A study published online in Cancer evaluated factors associated with intense end-of-life care among patients younger than 40 with blood cancer.
“Children, adolescents, and young adults with hematologic malignancies tend to receive high-intensity end-of-life care (HI-EOLC), but sociodemographic and hospital-based predictors of HI-EOLC remain unclear,” wrote the study authors.
For this retrospective population study, the researchers utilized the Premier Healthcare database to identify 1,454 patients with hematologic malignancies aged 0 to 39 years at death between 2010 and 2017. They defined HI-EOLC as receiving two or more of the following within 30 days of death: cardiopulmonary resuscitation, intravenous chemotherapy, hemodialysis, mechanical ventilation, tracheostomy placement, or an emergency department visit. To investigate the association between patient sociodemographic and hospital factors and HI-EOLC, they conducted multivariable logistic regression.
The data showed that more than half (55%) of patients identified received HI-EOLC within one month of death. Hospital size was found to be associated with end-of-life care. Patients treated in medium or large hospitals (adjusted odds ratio [aOR]=1.63 and 2.21, respectively) were more likely to receive intense care. Other factors associated with HI-EOLC were being insured by Medicare (aOR=1.40), or receiving cancer treatment in the Northeast US (aOR=1.50).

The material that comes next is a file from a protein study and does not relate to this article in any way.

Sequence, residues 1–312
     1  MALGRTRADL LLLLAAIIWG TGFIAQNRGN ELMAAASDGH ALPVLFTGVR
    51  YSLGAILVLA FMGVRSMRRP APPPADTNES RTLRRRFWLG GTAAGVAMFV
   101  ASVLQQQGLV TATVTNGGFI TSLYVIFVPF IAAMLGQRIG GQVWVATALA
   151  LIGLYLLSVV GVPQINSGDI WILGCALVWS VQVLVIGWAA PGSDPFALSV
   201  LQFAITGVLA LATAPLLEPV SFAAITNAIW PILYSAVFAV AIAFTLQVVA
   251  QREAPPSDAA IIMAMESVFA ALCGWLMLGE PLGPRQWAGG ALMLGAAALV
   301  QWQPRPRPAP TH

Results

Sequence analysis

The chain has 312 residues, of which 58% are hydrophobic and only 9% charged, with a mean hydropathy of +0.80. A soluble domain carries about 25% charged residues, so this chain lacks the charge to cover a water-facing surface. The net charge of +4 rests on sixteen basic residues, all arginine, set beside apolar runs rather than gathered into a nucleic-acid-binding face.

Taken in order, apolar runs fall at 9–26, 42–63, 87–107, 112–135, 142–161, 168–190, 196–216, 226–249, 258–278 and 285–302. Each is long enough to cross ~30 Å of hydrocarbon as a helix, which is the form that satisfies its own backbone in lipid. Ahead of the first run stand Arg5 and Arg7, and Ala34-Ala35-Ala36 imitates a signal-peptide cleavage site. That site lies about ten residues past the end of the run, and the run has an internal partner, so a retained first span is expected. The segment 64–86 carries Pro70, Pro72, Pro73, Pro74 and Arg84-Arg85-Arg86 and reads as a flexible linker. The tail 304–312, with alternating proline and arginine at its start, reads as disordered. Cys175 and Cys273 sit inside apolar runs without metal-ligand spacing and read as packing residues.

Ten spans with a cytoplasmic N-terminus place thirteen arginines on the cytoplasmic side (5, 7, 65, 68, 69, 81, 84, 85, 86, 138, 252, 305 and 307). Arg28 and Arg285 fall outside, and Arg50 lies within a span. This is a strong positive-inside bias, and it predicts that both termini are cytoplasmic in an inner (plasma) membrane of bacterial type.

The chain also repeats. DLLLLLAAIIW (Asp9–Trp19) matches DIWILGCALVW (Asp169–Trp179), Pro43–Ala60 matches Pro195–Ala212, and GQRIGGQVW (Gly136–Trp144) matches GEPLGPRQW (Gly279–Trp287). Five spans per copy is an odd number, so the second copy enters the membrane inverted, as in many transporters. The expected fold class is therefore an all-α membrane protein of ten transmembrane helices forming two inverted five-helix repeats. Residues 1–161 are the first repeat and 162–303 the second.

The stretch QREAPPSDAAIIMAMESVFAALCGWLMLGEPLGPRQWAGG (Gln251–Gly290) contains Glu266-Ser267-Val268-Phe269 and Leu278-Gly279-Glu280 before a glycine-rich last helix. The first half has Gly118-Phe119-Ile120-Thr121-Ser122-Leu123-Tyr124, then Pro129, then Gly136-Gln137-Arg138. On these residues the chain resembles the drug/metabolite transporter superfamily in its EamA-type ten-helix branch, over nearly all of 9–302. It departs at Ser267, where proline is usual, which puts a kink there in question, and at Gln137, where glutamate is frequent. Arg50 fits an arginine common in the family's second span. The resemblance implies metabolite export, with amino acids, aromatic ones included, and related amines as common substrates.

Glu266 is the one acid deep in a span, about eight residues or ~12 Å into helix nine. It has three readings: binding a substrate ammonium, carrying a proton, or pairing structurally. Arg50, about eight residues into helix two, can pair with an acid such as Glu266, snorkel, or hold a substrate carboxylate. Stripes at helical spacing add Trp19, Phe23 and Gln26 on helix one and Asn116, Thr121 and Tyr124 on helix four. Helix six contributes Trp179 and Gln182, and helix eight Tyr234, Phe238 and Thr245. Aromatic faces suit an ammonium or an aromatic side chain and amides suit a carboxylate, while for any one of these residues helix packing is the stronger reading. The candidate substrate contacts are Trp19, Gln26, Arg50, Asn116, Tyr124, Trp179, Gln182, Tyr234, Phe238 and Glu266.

In conclusion, the authors wrote, “A majority of children, adolescents, and young adults with hematologic malignancies experienced HI-EOLC, and the likelihood of HI-EOLC was influenced by the hospital size, type of insurance, and geographic region. Further research is needed to determine how to mitigate these risks.”
“Children and adolescents with hematologic malignancies consistently experience higher rates of aggressive care at the end of life. Clinicians and researchers must now turn their attention to reducing this disparity,” wrote Adam Rapoport MD, and Sumit Gupta MD, PhD, in an editorial about this data.